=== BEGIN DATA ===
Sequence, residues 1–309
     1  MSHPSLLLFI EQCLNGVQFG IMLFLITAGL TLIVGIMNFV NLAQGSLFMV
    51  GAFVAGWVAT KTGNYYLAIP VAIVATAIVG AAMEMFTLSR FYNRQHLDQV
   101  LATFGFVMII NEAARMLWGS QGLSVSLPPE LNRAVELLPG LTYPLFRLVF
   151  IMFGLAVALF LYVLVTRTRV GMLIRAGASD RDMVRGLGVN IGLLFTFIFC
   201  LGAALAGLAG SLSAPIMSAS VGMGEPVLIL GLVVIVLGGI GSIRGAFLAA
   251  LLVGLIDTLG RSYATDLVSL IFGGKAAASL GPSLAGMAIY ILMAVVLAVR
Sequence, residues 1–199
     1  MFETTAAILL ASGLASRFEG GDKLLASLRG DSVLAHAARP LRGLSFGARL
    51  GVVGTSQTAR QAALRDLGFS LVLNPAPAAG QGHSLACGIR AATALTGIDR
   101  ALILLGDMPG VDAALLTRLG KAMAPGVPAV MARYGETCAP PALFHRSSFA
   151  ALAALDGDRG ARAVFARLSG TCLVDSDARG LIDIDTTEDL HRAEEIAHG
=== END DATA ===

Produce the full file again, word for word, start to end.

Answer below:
Sequence, residues 1–309
     1  MSHPSLLLFI EQCLNGVQFG IMLFLITAGL TLIVGIMNFV NLAQGSLFMV
    51  GAFVAGWVAT KTGNYYLAIP VAIVATAIVG AAMEMFTLSR FYNRQHLDQV
   101  LATFGFVMII NEAARMLWGS QGLSVSLPPE LNRAVELLPG LTYPLFRLVF
   151  IMFGLAVALF LYVLVTRTRV GMLIRAGASD RDMVRGLGVN IGLLFTFIFC
   201  LGAALAGLAG SLSAPIMSAS VGMGEPVLIL GLVVIVLGGI GSIRGAFLAA
   251  LLVGLIDTLG RSYATDLVSL IFGGKAAASL GPSLAGMAIY ILMAVVLAVR
Sequence, residues 1–199
     1  MFETTAAILL ASGLASRFEG GDKLLASLRG DSVLAHAARP LRGLSFGARL
    51  GVVGTSQTAR QAALRDLGFS LVLNPAPAAG QGHSLACGIR AATALTGIDR
   101  ALILLGDMPG VDAALLTRLG KAMAPGVPAV MARYGETCAP PALFHRSSFA
   151  ALAALDGDRG ARAVFARLSG TCLVDSDARG LIDIDTTEDL HRAEEIAHG